Though it actually launched on Oct. 9, 1986, Fox is celebrating its 25th anniversary this weekend with a primetime extravaganza featuring such stars of yesteryear as Calista Flockhart, Gabrielle Carteris, Ian Ziering, and David Faustino. Before tomorrow night’s broadcast, we thought it appropriate to take a look back at how the network has changed the pop culture landscape in the last quarter century. READ FULL STORY »
Tag: Simpsons did it! (1-10 of 19)
Since Kelsey Grammer walked into our favorite Boston watering hole in 1984, as Diane Chambers’ pompous new paramour, there has seldom been a time that he hasn’t been a constant presence in our television lives. He originally signed on to play Dr. Frasier Crane for just six episodes, but he ended up sipping drinks — booze in Boston, coffee in Seattle — for the next 20 years (a television record matched only by James Arness, who famously played Marshal Matt Dillon on Gunsmoke). America adored Grammer’s portrayal of the egghead shrink; he even was nominated for an Emmy when his character made a single guest appearance on Wings. Throw in his work as the high-brow arch-criminal Sideshow Bob over two decades of The Simpsons (itself a derivation of Grammer’s Frasier character) and you can make the argument that Grammer is the greatest sitcom performer of the last quarter century — even with more recent misfires like Back to You and Hank on his ledger. I think this clip sums it all up: READ FULL STORY »
The South Park mid-season finale famously left audiences teetering in limbo, with Stan’s parents divorced, Stan seemingly living somewhere else, and the episode’s critique of the show’s one-crazy-adventure-after-another story structure casting doubt on whether Matt Stone and Trey Parker even wanted to continue making South Park.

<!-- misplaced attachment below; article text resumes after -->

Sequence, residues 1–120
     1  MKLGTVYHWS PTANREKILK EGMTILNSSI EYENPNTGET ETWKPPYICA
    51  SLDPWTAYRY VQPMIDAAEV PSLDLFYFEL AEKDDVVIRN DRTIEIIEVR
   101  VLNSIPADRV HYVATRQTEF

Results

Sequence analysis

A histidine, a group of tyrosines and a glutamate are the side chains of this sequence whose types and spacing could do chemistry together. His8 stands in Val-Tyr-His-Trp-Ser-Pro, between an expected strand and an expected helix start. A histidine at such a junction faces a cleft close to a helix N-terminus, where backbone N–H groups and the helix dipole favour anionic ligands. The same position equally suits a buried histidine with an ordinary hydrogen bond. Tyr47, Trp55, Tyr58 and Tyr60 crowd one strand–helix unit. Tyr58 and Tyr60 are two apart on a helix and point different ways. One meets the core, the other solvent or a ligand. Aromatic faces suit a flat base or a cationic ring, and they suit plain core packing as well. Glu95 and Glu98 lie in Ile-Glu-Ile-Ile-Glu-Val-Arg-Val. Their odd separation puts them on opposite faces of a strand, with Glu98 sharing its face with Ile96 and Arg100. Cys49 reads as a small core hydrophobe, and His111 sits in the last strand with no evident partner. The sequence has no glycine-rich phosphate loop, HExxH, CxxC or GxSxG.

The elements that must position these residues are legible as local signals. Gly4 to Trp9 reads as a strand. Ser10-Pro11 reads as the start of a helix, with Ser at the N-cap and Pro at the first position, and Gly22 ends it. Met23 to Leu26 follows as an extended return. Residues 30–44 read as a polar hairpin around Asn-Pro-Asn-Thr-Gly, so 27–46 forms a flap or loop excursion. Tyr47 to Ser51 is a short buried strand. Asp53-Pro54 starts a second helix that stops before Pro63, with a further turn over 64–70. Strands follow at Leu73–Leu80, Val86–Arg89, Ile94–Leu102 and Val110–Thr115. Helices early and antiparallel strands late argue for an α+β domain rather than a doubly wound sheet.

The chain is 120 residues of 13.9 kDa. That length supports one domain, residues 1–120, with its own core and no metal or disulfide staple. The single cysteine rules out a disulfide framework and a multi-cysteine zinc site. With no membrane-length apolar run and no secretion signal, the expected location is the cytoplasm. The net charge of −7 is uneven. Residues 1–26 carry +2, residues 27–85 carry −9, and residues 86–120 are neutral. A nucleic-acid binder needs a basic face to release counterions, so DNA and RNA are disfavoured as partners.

But praise Queen Spider, South Park is back, at least through 2013. Tonight’s episode seems like classic South Park shenanigans, too, at least judging from the episode title — “Ass Burgers” — and the preview clip of Eric Cartman going to the school nurse, faking some kind of ailment in his buns, and her finding a hamburger hiding in his pants. READ FULL STORY »
You haven’t hugged it out (b*tch) until you’ve hugged it out at the multiplex. Luckily, for fans of Entourage, they’ll likely get to do just that. While there’s been word for some time that the HBO series would be adapted for the big screen — the series’ executive producer/occasional guest star/inspiration Mark Wahlberg told EW back in December that he wanted an Entourage movie to happen — it now seems the show’s writer and producer Doug Ellin is moving in that direction.
Ellin told The Hollywood Reporter at the New York City premiere for the eighth and final season of Entourage that he does, in fact, have a script in the works (Ellin’s reps told EW they had “no comment” regarding the news) while Emmanuelle Chriqui (E’s lady Sloan) revealed to Fox & Friends that, “Nothing is definitive but it’s not just a rumor anymore.” READ FULL STORY »
Tomorrow, EW.com will unveil our list of the 25 greatest animated series ever. We’ll be asking you, beloved readers, to decide which among those choices is the number one TV cartoon ever — a difficult task. To get you in the mood, we asked you to weigh in yesterday on one of the great never-ending conflicts in pop culture: Family Guy or The Simpsons? Some of the responses thoughtfully analyzed the variable nature of comedy: “Family Guy is more uneven,” said Greg Browning, “But when it hits, I belly laugh. Simpsons is consistently chuckle-worthy but I wouldn’t count on it for huge laughs.” Other commenters noted that Simpsons, for all its acclaim, has been in a rather long dry spell; said Glenn, “Simpsons Great Years: 2-7. That’s it, with an occasional good ep since then. Otherwise, completely unwatchable for me.” But there was one rallying cry that swept through the comment boards, starting with Stevie: “This debate is pointless, because South Park is much better than both.”